Slideshow = 18 photos to see this watch from every angle
Special thanks to Tempoinverso.com for entrusting us with the tested TAG Heuer
In lineal descent from the Monaco Sixty Nine (double-sided dial), the V4 (belt-driven movement) and the 360 LS (tenth-seconds accurate readability), the Monaco Twenty Four Concept is the latest iteration in a series of "special" Monaco watches, and was first presented during BaselWorld 2009, as a celebration of its Monaco little sister's 40th birthday.
This rather futuristic Monaco Concept results of the assembling of more or less obvious references to GT racing, both in design and manufacturing.
The most impressive feature is the movement being "suspended" within the case.
It almost floats on four arms having a 'composite shock absorber' (according to TAG Heuer).
Although crash testing the genuine input such a shock-absorbing technology would really bring was obviously not possible with the watch we had, it still gives it a very successful, see-through "high-tech" look.
This architecture obviously echoes technical solutions used in professional motor sports.
Another feature is the Calibre 36 Movement... nothing less than the famous Zenith El Primero.
This world-acclaimed movement, is the only chronograph movement beating at 36,000 beats per hour, which gives it an amazing accuracy, together with the possibility of tenth-seconds measuring.
The adornment and design conducted by TAG Heuer have been very neatly manufactured.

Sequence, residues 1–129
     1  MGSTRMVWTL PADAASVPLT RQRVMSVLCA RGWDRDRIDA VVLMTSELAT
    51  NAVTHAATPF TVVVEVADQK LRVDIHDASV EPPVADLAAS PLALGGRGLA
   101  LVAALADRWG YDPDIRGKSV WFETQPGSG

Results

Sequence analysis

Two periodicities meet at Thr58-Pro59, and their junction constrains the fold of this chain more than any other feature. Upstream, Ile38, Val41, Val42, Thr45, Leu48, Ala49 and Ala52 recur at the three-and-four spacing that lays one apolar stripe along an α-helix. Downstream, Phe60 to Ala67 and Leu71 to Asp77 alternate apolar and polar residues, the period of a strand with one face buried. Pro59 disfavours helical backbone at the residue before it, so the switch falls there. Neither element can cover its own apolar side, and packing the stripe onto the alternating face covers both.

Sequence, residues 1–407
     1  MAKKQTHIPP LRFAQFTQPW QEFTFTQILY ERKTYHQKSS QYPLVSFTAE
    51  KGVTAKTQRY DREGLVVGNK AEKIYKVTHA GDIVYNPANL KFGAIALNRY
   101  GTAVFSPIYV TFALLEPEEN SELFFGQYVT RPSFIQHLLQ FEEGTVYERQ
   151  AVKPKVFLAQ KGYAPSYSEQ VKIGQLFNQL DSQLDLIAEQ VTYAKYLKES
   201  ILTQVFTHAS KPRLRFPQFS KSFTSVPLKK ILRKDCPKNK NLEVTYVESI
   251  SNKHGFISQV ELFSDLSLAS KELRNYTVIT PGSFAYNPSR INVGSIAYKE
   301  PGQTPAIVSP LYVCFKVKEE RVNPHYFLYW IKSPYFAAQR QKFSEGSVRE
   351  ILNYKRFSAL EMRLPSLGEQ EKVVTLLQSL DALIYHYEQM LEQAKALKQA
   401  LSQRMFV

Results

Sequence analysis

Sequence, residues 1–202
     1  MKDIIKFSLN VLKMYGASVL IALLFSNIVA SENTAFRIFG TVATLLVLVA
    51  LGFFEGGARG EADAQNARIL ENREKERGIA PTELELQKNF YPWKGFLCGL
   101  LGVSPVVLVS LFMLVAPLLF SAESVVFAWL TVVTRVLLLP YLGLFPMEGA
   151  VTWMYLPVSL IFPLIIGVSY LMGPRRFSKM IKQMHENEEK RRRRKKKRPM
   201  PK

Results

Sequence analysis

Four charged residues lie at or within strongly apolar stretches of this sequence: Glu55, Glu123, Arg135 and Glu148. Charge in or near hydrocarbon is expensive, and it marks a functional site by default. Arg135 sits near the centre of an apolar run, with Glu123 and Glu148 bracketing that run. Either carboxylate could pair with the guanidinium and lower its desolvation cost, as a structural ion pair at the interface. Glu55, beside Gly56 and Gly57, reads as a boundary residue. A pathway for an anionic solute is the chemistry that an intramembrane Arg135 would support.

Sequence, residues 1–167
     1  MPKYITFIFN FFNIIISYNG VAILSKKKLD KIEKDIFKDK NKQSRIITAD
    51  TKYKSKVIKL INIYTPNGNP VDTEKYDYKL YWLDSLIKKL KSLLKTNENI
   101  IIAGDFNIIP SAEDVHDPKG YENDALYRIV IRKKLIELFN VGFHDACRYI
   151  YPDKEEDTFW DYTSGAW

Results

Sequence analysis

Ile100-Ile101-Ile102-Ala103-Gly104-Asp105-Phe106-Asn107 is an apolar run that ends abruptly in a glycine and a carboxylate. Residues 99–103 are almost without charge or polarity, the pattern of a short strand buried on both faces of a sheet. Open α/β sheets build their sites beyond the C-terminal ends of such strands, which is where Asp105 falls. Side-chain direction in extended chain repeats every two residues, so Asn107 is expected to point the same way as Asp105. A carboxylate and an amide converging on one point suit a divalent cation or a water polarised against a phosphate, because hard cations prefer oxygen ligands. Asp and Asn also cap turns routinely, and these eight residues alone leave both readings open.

They're visible through a very wide and pleasant sapphire crystal caseback, with its GT mag-shaped, rim-like oscillating weight and orange colors, although we're still in an industrial finishing process here.
A genuine racing car watch
The Twenty Four Concept complements its technical features with a few aesthetic references to the automobile racing world: a hulking "24" at 12 o'clock on the dial (as an homage to the 24 Heures du Mans racing), "blue/orange" stripes (just like on Steve McQueen's "Gulf" Porsche in the film "Le Mans")...
TAG Heuer could have used a little more subtlety in the look of this watch!
But we can't deny the overall successful design of it all.
The polished black PVD-coated case is nicely finished, and reminds of the Monaco V4 case, with its beveled sapphire glass jutting out on the edge.
With its nice depth, the dial's finishing is very pleasant too.
The only "incongruity" comes from the titanium buckle: its color does not go together well with the black PVD-coated case, or with the push-pieces and steel fastenings...
It perfectly sits on the wrist, thanks to the "millimeter scale" fit of the wristlet's length.
The case's thickness is surprising but it unquestionably contributes to the 'concept' look of this timepiece.
On the other hand, watch out for shocks on this prominent PVD case!
It gets a little more complicated with the chronograph's readability: the half dial used for the chrono (at 3 o'clock) doesn't help in intuitively reading time.
Displaying 1 to 15, it forces us in watching the hand's color and starting mental arithmetic.
If it's orange, time is read directly. But if it's white, one must add 15 minutes to the time told.
Not an easy exercise when driving at 150 mph in the middle of two bends...
With this latest version of the Monaco, TAG Heuer brings us a chronograph with many qualities.
You'll enjoy the racing car style design, the beautiful manufacturing, as well as its bold and unique attitude – not mentioning this "bay-window" and its view on the movement!
- its original, groundbreaking architecture
- a pleasant design
- the quality of its movement
- the chronograph's readability is not intuitive
- night legibility is weak
- the titanium buckle
- journalist's wrist = 17 cm